- Skillsets of employees are very good in certain geographies. One of the biggest reasons for the success of the country is that English is a primary language. The English skills of Filipinos are considered the best of all competing offshore destinations. In addition, the education levels are very good with metro Manila and Cebu having the capability to perform higher-end activities such as shared service and IT services in addition to traditional call center work. As an example, in metro Manila, there are about 15,000 annual graduates with IT-related degrees that are perfect to work in IT services-related positions. The smaller cities in the Philippines are best utilized for traditional customer services activities.
- Proven to be a successful location to operate. The success of the Philippines is clearly illustrated by its year-over-year high growth that proves that the region works for companies. The region has successfully functioned as an offshore hub for more than a decade now, which gives it credibility as a sustainable location. This success has a created a “comfort zone” with less risk for failure by companies considering offshore locations to expand.
Challenges of locating in the Philippines
With high growth comes challenges. There are many challenges that companies will uncover as they try to expand into the Philippines. Some of the challenges include the following:
Market saturation applies pressure on wages, attrition rates and real estate. More than 500 call centers operate in the country, according to estimates, with some 350 of them in metro Manila. This level of competition draws concern that the market is becoming saturated. The warning signs of high wage inflation and increased employee attrition are becoming a problem. In addition, real estate availability is very low and real estate costs have increased significantly. This trend will continue until market activity cools down.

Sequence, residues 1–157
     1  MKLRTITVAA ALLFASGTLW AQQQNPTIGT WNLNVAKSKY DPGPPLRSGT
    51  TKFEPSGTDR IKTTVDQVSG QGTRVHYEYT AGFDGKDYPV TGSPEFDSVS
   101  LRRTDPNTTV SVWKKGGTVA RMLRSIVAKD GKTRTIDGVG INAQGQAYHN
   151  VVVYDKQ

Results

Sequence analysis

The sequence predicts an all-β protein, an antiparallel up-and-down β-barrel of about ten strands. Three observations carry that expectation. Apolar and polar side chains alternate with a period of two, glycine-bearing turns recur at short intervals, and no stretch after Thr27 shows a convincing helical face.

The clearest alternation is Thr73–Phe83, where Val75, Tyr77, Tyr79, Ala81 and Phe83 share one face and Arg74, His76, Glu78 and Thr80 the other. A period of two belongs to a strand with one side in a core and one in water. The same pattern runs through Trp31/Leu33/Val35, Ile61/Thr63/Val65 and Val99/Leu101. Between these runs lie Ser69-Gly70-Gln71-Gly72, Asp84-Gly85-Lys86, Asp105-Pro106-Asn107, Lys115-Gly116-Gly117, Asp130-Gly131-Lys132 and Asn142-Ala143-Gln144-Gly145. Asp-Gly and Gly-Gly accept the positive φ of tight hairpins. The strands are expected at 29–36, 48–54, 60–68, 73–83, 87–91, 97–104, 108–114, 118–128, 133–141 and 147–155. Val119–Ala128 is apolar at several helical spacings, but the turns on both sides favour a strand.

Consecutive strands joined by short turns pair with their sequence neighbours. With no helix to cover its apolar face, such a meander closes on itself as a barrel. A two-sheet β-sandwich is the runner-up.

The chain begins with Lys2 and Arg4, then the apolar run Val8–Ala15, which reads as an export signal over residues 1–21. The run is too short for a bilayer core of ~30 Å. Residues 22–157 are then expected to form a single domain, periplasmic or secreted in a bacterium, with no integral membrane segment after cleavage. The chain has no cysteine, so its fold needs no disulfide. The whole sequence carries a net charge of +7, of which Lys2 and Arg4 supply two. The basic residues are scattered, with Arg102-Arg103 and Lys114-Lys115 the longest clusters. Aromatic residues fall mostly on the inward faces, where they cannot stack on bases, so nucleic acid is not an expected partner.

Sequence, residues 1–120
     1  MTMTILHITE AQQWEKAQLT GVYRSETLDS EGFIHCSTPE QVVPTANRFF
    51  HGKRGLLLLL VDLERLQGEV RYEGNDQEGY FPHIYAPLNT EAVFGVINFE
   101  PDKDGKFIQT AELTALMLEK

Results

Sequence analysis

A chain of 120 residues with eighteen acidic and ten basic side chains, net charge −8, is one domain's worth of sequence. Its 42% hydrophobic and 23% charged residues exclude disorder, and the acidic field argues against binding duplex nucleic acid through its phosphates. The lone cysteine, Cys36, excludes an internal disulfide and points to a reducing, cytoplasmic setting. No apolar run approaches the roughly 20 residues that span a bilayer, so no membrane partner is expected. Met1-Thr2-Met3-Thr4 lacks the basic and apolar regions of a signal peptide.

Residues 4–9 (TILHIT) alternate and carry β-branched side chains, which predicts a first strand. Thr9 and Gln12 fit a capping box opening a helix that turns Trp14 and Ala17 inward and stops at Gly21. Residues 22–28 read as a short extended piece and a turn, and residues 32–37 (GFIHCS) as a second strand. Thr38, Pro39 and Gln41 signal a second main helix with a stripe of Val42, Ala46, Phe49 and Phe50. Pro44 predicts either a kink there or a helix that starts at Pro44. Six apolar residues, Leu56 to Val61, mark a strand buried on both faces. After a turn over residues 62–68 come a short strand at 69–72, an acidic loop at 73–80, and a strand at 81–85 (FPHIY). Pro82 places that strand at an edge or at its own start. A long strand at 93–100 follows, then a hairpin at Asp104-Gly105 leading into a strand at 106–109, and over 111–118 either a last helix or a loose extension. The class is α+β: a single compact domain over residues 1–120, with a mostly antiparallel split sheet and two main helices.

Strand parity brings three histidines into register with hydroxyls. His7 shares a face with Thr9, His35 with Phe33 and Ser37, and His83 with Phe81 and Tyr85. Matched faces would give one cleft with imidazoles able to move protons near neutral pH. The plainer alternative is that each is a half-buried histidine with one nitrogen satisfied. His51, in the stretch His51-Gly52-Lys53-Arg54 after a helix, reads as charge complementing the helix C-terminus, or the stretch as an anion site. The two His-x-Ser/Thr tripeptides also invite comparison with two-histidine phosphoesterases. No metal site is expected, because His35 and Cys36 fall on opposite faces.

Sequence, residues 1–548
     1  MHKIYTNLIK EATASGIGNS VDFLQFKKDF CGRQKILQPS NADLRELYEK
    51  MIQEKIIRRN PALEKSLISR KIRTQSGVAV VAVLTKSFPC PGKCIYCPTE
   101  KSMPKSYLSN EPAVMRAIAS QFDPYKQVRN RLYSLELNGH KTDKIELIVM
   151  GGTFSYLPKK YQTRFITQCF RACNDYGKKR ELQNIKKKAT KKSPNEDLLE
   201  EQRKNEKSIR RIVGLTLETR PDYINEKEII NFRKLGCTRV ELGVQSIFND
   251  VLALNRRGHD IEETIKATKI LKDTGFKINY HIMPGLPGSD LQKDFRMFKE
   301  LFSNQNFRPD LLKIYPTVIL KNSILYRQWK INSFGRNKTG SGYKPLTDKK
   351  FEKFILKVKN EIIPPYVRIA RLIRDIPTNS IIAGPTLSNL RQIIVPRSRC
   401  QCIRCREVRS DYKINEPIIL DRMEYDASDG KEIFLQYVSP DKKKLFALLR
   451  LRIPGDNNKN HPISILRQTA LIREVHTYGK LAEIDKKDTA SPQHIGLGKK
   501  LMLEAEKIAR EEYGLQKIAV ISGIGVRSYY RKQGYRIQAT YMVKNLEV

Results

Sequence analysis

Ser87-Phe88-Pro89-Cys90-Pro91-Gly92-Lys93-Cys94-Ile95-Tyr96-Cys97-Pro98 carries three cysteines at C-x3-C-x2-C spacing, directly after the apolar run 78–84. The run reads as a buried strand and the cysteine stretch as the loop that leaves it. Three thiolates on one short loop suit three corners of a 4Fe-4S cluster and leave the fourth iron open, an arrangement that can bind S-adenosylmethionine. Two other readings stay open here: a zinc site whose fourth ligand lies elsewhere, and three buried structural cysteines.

Wage inflation is high. Wage inflation is a critical factor that will quickly diminish the savings of locating to offshore geographies. The annual wage inflation rate in the Philippines can exceed 10%, which is a lot higher than the typical 3% wage inflation rate in the United States. There does not appear to be much relief in sight.
Accessibility to the United States is problemtaic. The average time to fly to the Philippines from the U.S. is approximately 24 hours. It will require at least three days to go roundtrip after time changes, delays and customs. The cost of the plane tickets can range from $1,500 for coach to over $5,000 for business class. These costs don’t even take into consideration the employee productivity that is lost in the process. Bottom-line, it is time-consuming and expensive to manage an offshore operation.
Terrorist risks are highest in southernmost provinces. The Philippines continues to have a negative perception as it relates to terrorism. Most of the activity is in the southernmost provinces where there are minimal call center operations. The risk is less in places like Manila where there is ample police and military presence.
Typhoons continue to cause havoc. The Philippines is located on the typhoon belt which brings an average of 15 typhoons per year to the country. Typically five to six typhoons will make landfall per year causing major flooding and power outages that can go as long as two days in some areas.
- Capital intensive to set-up an operation. The cost to open facilities within the region can be very costly, with little support from landlords or the governments to help offset the upfront expenses of starting up a facility. Rental rates continue to escalate due to demand for space. It is also important to locate in PEZA zones, which provide an economic incentive in the form of a tax holiday
Companies continue to search for the next Philippines and they quickly find out that there really isn’t any other global location offering the same level of scalability at that cost point. The Philippines’ success has almost become its own worst enemy as wages continue to inflate and employee attrition escalates. The region clearly has a lot to offer companies as they seek to lower their operating costs; however, it is only a matter of time before the disadvantages outweigh the advantages of locating in the Philippines. How long is the magic question.